History is a way of understanding the whole of the human condition as it has unfolded in time. Without history, nothing makes sense, from the meaning of words to the formation of identities, to institutions, states, and societies. History straddles the boundary between the social sciences and humanities. Like the other social sciences, it has established methods of investigation and proof, but it differs from them in that it encompasses, potentially, every area of human culture from the beginning of recorded time. Like the other humanities, it uses ordinary language and established modes of telling its stories, but it is constrained by evidence left us from the past.
The History Department is home to a distinguished group of scholar-teachers whose work ranges from the medieval to the post-modern, from the Middle East to the Midwest, from gender and sexuality to science and economics, from micro-history to world history.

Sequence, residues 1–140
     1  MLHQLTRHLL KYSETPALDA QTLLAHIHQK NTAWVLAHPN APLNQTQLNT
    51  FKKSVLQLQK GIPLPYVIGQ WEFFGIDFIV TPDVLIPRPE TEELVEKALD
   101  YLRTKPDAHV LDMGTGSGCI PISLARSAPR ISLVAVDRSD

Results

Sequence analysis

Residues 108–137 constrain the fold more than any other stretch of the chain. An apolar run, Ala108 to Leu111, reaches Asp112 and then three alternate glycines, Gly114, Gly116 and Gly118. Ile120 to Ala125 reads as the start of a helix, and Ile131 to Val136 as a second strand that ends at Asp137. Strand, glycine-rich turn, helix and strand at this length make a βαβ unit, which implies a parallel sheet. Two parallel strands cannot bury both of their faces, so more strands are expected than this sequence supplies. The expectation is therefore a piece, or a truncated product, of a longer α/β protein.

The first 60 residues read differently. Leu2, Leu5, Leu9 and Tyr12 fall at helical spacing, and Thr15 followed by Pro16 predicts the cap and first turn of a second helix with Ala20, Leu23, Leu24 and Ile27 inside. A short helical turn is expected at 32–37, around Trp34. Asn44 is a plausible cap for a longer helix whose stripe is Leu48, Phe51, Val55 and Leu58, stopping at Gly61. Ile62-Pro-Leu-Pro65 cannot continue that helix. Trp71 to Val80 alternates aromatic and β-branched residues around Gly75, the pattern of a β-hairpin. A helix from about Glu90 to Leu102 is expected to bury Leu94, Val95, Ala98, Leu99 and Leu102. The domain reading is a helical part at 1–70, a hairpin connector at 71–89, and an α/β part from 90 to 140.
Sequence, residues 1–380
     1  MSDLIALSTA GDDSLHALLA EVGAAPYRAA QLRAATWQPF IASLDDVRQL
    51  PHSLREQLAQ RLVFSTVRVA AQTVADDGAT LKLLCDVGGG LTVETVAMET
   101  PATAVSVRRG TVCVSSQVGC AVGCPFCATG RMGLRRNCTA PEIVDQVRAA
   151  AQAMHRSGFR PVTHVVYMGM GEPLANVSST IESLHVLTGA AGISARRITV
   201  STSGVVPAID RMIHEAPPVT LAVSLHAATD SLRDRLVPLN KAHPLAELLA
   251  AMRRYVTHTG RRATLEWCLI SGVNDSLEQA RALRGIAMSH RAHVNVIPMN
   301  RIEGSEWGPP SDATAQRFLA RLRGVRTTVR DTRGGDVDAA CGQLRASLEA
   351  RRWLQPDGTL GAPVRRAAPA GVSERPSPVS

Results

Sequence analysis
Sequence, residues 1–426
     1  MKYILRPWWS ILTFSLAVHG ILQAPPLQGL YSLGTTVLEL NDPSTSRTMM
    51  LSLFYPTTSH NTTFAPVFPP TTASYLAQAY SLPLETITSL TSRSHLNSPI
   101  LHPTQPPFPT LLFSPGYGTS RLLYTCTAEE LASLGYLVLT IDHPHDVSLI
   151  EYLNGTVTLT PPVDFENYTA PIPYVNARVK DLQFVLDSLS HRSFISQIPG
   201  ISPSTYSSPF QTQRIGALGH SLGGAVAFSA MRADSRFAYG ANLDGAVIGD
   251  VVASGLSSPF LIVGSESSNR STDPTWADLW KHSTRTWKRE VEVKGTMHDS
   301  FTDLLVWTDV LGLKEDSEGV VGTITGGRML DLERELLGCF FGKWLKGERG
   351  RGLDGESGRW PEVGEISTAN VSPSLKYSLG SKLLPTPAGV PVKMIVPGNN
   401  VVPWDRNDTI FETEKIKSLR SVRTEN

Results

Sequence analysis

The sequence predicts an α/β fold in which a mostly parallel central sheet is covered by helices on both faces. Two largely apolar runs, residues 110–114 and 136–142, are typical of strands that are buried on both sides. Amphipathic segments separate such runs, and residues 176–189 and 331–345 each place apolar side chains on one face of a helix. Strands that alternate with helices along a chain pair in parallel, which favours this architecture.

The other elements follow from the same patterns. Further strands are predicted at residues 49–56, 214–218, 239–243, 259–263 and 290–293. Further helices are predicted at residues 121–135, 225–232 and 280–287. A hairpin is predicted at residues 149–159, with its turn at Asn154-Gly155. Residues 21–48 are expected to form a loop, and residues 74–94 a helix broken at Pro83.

Department of History Lecture Series 2015-16
Abosede George, Barnard College, "Chibok's Girls and the Challenge of Feminist Activisms in Nigeria" November 11, 2015.
Paulina Bren, Vassar College, "Taking the Place of Stalin: The Story of Late Communism", February 24, 2016, PAC 001.
Judith Byfield, Cornell University, "Women, Rice and War: WW II and Anti-colonial Politics in Abeokuta, Nigeria", March 29th, 2016, PAC 002.
David DeVorkin, National Space Museum, "The Legacy of the American Observatory Movement", May 4, 2016.